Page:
Researchers made progress in holographic image animation
A team from University of Arizona College of Optical Sciences, led by professor Nasser Peyghambarian, developed a new type of holographic telepresence that allows the projection of a three-dimensional, moving image without the need for special eyewear such as 3D glasses or other auxiliary devices. The technology is likely to take applications ranging from telemedicine, advertising, updatable 3D maps and entertainment to a new level.
“At the heart of the system is a screen made from a novel photorefractive material, capable of refreshing holograms every two seconds, making it the first to achieve a speed that can be described as quasi-real-time”, said Pierre-Alexandre Blanche, an assistant research professor in the UA College of Optical Sciences and lead author of the paper published in Nature.
The prototype device uses a 10-inch screen, but Peyghambarian’s group is already successfully testing a much larger version with a 17-inch screen. The image is recorded using an array of regular cameras, each of which views the object from a different perspective. The more cameras that are used, the more refined the final holographic presentation will appear.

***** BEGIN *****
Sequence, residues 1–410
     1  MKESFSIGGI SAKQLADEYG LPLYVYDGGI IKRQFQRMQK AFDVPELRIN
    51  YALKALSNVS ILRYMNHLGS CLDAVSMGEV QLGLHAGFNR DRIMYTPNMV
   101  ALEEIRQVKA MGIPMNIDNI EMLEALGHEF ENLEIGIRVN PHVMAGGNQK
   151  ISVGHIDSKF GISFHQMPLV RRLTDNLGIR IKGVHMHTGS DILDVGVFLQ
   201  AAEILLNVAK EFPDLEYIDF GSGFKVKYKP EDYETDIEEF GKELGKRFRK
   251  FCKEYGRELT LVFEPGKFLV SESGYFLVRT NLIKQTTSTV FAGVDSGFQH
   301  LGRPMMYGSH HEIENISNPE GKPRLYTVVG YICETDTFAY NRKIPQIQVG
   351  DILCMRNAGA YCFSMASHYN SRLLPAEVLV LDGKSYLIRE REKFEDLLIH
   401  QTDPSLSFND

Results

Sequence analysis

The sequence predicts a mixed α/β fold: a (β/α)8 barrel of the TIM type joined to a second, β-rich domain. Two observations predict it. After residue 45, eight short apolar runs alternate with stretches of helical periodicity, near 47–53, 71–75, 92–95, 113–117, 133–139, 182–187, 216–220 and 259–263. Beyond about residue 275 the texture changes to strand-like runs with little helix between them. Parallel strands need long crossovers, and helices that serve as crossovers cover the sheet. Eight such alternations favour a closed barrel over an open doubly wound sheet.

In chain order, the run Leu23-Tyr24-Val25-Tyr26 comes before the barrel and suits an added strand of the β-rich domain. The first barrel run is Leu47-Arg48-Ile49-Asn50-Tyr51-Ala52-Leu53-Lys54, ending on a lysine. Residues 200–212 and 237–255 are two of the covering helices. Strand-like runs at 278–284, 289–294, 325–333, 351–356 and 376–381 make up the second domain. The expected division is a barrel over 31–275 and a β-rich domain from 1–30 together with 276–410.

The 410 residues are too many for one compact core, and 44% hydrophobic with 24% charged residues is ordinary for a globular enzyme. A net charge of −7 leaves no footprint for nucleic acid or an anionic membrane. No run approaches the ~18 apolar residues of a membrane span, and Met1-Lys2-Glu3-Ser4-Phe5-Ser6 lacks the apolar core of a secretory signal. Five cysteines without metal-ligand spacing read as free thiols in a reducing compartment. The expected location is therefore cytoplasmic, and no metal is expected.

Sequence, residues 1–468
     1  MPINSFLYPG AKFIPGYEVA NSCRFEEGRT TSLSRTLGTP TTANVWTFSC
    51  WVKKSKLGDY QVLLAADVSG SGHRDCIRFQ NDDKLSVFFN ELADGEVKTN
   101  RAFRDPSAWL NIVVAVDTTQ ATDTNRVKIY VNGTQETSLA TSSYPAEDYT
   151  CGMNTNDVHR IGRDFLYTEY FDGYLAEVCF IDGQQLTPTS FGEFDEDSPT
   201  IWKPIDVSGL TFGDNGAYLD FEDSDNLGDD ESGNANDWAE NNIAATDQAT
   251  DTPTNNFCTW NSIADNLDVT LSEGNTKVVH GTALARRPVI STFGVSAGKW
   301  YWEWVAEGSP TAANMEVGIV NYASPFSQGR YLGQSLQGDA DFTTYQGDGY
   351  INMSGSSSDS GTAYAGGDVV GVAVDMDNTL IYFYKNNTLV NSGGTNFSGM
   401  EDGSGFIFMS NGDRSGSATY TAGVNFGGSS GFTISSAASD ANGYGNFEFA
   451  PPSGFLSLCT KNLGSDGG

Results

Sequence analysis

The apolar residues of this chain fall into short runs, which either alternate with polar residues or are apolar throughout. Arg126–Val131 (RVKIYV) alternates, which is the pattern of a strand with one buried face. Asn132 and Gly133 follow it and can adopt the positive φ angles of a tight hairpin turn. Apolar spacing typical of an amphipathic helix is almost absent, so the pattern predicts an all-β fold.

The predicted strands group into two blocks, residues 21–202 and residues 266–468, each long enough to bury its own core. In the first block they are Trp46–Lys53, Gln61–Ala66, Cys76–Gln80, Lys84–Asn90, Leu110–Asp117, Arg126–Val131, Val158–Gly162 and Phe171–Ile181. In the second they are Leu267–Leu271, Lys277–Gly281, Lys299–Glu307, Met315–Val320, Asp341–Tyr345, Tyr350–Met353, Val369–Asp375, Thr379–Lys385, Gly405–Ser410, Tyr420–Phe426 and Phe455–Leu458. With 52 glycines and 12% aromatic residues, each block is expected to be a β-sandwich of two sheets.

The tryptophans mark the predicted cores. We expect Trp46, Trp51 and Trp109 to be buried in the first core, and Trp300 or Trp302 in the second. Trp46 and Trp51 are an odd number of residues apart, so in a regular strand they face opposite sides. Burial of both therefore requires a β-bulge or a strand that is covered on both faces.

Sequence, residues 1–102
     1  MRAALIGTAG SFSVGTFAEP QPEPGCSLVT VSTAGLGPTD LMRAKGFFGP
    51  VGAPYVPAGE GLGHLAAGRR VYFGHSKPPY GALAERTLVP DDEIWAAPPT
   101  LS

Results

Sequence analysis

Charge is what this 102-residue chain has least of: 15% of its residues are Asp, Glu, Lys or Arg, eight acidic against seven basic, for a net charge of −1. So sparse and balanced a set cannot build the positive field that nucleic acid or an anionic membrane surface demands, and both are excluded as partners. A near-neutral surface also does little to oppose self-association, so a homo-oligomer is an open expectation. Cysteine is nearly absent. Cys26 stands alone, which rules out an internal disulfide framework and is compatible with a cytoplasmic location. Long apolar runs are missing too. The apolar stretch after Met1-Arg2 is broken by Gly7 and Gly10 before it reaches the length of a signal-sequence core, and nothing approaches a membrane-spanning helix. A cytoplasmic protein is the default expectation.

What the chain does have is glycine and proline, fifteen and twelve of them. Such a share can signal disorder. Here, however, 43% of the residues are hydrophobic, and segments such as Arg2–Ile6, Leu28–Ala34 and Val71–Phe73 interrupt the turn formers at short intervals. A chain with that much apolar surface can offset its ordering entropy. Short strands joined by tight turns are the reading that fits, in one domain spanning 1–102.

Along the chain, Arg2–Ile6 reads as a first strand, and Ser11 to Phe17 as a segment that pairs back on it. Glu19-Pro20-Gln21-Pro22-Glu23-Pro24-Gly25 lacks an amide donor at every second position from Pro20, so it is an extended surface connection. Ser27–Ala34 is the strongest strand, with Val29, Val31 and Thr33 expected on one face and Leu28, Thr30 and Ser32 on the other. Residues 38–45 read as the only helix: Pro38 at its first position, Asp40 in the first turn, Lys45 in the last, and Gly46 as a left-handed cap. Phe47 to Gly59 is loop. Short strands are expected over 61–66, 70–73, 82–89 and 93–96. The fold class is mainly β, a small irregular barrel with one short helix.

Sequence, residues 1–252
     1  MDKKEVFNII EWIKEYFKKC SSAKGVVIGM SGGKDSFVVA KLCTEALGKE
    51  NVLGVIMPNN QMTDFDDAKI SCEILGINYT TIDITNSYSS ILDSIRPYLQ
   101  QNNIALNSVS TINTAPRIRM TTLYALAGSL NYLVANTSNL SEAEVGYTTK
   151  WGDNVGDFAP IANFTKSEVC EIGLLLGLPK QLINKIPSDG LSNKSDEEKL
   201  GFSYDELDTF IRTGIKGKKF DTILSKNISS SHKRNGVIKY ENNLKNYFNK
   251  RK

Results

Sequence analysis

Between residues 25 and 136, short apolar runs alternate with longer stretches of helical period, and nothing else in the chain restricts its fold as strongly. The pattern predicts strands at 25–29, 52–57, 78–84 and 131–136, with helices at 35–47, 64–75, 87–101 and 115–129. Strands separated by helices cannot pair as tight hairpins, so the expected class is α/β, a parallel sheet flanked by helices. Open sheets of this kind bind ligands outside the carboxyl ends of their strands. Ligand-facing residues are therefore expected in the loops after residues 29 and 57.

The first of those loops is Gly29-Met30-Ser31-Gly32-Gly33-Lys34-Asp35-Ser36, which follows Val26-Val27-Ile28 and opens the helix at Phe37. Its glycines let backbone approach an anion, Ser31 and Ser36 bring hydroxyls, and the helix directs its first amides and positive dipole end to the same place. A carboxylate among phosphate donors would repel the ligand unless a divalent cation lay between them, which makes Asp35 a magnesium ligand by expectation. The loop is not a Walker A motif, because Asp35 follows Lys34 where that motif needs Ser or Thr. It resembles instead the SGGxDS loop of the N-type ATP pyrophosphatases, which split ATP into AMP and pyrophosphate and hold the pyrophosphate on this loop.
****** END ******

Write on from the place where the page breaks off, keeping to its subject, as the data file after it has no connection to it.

That information is then encoded onto a fast-pulsed laser beam, which interferes with another beam that serves as a reference. The resulting interference pattern is written into the photorefractive polymer, creating and storing the image. Each laser pulse records an individual “hogel” (short for holographic pixel) in the polymer. The hologram fades away by natural dark decay after a couple of minutes or seconds depending on experimental parameters. Or it can be erased by recording a new 3D image, creating a new diffraction structure and deleting the old pattern.
The overall recording setup is insensitive to vibration because of the short pulse duration and therefore suited for industrial environment applications without any special need for vibration, noise or temperature control.
One of the system’s major hallmarks never achieved before is what Peyghambarian’s group calls full parallax: “As you move your head left and right or up and down, you see different perspectives. This makes for a very life-like image. Humans are used to seeing things in 3D.”
The work is a result of a collaboration between the UA and Nitto Denko Technical (NDT), a company in Oceanside, Calif. NDT provided the polymer sample and media preparation. “We have made major advances in photorefractive polymer film fabrication that allow for the very interesting 3D images obtained in our upcoming Nature article,” said Michiharu Yamamoto, vice president at NDT.
Potential applications of holographic telepresence include advertising, telemedicine, updatable 3D maps and entertainment. The system has an advance over computer-generated holograms, which place high demands on computing power and take too long to be generated to be practical for any real-time applications.Currently, the system can present in one color only, but Peyghambarian and his team have already demonstrated multi-color 3D display devices capable of writing images at a faster refresh rate, approaching the smooth transitions of images on a TV screen.
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